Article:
Fry (mixed fish) days old 0.35 0.38 0.23 26 66 61
Fry (mixed fish) months old 0.33 0.39 0.25 27 76 64
Silver carp 0.14 0.16 0.03 12 21 19
White bream A 0.94 0.74 0.37 59 39 50
White bream B 0.26 0.33 0.14 36 54 42
Frog 1.62 1.67 1.69 64 104 101
a Based on initial freeze-dried powder.
b Mean of two determinations of one extract; in all cases duplicates agreed within 5% of each other.
c Calculated from total As data obtained by the method using microwave-assisted acid digestion/ICPMS.
d Based on digested extract.
e Based on flow injection.
R. Schaeffer et al. / Talanta 69 (2006) 856–865 861

Collectively, these data suggest that flow injection analy- The second sample of Cladophora investigated in our study
sis may provide a reliable measure of total arsenic injected comprised dead specimens, washed up on the river bank, which
onto HPLC columns. Data from flow injection analysis might had been naturally dried by exposure to the sun. In this case,
also better account for any differences in ICPMS response only 10% of the total arsenic was extractable (compared with
for different arsenic species (although our experience suggests 38% extractable from fresh Cladophora), and arsenosugars were
that such effects are minimal). Furthermore, it has the advan- not detectable in these extracts. Most of the extractable arsenic
tage of convenience and economy of time because the same was present as arsenate at a concentration comparable with
solution is used for both total arsenic and arsenic speciation that measured in the fresh green alga. It is conceivable that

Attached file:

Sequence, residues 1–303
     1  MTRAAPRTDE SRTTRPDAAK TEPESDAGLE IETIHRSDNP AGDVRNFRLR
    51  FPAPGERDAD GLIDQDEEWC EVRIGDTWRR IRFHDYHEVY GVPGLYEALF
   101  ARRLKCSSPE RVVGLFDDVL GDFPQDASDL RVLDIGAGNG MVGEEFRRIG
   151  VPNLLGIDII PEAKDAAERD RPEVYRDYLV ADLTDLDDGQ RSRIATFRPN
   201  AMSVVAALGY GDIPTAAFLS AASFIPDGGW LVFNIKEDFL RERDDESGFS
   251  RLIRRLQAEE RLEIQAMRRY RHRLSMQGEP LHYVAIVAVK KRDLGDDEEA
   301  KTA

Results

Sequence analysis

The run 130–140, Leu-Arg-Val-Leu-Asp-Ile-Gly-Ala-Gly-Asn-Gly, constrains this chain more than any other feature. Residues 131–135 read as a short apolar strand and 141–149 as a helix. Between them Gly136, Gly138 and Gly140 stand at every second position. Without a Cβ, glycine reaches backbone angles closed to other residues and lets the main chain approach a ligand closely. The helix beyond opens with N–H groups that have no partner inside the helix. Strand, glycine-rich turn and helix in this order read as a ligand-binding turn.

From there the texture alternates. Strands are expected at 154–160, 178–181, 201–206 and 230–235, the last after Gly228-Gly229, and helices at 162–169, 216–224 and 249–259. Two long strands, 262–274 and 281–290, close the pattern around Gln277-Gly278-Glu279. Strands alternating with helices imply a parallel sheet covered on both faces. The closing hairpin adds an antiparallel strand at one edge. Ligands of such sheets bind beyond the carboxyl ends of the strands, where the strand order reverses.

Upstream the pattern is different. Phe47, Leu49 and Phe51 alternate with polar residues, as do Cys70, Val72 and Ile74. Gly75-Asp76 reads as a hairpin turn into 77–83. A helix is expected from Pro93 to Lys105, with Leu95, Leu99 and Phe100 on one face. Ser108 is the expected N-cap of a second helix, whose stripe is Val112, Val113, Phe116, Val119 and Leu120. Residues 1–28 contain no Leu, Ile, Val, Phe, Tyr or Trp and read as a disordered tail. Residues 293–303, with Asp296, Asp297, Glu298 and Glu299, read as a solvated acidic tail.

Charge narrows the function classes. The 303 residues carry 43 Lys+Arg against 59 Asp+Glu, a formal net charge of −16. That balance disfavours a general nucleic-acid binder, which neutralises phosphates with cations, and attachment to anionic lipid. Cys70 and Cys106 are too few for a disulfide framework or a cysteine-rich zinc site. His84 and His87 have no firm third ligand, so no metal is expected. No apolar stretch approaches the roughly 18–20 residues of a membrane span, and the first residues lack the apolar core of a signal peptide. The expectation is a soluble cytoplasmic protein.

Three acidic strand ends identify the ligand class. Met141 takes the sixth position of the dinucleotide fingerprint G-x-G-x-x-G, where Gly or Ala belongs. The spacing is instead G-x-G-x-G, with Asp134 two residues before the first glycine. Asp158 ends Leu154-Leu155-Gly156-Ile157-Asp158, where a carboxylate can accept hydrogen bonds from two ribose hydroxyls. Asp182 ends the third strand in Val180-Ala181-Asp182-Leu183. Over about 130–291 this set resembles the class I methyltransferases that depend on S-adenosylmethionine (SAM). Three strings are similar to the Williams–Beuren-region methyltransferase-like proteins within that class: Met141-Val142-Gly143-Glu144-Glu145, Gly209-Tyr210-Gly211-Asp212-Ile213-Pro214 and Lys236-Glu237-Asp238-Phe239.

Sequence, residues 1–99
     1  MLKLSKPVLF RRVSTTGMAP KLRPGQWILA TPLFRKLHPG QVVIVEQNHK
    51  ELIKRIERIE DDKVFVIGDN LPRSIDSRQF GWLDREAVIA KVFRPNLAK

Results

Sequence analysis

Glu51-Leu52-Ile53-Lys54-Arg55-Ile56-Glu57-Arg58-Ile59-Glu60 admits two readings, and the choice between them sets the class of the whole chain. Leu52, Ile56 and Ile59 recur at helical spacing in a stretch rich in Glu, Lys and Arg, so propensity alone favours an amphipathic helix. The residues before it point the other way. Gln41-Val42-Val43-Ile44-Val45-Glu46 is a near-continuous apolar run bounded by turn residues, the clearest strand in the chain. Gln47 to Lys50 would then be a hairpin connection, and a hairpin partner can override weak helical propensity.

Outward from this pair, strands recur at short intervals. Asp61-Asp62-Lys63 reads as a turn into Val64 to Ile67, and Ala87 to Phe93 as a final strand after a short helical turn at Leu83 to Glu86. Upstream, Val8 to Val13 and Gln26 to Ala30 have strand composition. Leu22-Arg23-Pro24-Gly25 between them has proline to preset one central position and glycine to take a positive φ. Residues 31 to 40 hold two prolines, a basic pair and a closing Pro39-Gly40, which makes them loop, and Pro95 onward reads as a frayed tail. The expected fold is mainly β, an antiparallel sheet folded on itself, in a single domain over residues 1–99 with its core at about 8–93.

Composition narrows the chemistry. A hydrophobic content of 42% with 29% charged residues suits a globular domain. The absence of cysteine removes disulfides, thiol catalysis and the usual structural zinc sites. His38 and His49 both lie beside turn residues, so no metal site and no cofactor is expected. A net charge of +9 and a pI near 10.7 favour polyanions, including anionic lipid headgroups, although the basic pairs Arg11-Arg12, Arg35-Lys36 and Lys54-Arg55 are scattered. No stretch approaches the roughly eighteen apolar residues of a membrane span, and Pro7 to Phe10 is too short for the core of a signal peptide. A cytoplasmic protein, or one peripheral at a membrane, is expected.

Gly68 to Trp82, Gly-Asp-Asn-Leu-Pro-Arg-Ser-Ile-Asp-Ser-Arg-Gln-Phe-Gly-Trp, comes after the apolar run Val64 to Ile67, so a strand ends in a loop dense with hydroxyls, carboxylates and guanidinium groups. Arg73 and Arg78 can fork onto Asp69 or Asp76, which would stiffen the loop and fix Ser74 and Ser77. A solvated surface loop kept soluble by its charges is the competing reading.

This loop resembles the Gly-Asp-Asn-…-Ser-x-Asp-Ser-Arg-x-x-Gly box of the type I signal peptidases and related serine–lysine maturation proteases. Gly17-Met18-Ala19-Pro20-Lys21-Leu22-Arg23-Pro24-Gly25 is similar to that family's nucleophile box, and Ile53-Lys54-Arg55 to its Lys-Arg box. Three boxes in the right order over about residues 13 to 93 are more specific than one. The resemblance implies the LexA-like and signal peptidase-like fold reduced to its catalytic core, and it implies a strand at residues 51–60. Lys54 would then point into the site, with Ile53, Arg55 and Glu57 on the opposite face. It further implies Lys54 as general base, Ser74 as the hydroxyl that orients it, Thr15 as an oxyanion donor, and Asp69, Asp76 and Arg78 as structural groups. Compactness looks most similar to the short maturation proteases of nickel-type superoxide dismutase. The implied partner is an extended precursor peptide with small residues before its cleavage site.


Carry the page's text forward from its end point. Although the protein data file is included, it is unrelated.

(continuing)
analysis. the arsenosugars were decomposed to non-extractable arsenic
It is often informative to quote the quantities of the various species during exposure to the natural and strong (collection was
arsenic species detected as a percentage of total arsenic in the in early summer) UV radiation, or by bacterial activity on the
extract. Because our data set contains three measures of total river bank. It is also possible that the arsenosugars were trapped
arsenic (digestion/conventional ICPMS; flow injection ICPMS; in impermeable cell structures after the shrinkage of the plant
and sum of species from HPLC-ICPMS), it is possible to express tissue during drying. This latter explanation implies that arseno-
the percentages in three ways. Inspection of the data in Table 3 sugars and arsenate may be present in different parts of the living
indicates that for most samples the three data sets are very sim- plant, an unproven hypothesis that may warrant further study.
ilar. For convenience, we will use only one in the following
discussion: the percentage data will be reported as the concen- 3.3.2. Freshwater plants
tration of the arsenical measured by HPLC-ICPMS relative to the Arsenic speciation studies in the terrestrial environment show
total arsenic concentration of the extract measured by flow injec- clearly that the dominating water soluble arsenic compounds in
tion ICPMS. We believe that on balance this approach provides plant species are inorganic As(III) and As(V), but, additionally,
the most informative picture of the arsenic speciation pattern in methylated arsenic compounds such as MA and DMA are also
the extracts. present [21–23]. In the case of freshwater plants investigated
in this work, 26–53% of the arsenic was recovered using the
3.3. Arsenic compounds water extraction procedure. Arsenate was the major form in all
samples constituting 49–77% of the total extractable arsenic.
Identification and quantification of the arsenic species in the Additionally, a trace of DMA was found in sedge and TETRA
water extracts of the samples was carried out by HPLC-ICPMS was detected as a minor compound in frogbit and sedge.
employing anion- and cation-exchange chromatography. The
rationale for this approach has been previously discussed [6]. 3.3.3. River sponge
One disadvantage of the method is that arsenite cannot be defini- There have been only limited studies on arsenic specia-
tively measured because it runs near the void volume under tion in sponges and none of them has investigated freshwater
both cation- and anion-exchange chromatographic conditions; sponge. Shiomi et al. [24] found AB in marine sponge species
its concentration is determined by difference (anion-exchange Halichondria okadai and Spirastrella insignis, while Yamaoka
front peak minus sum of cations). Thio-arsenosugars have been et al. [25] reported AB and oxo-arsenosugar-phosphate as the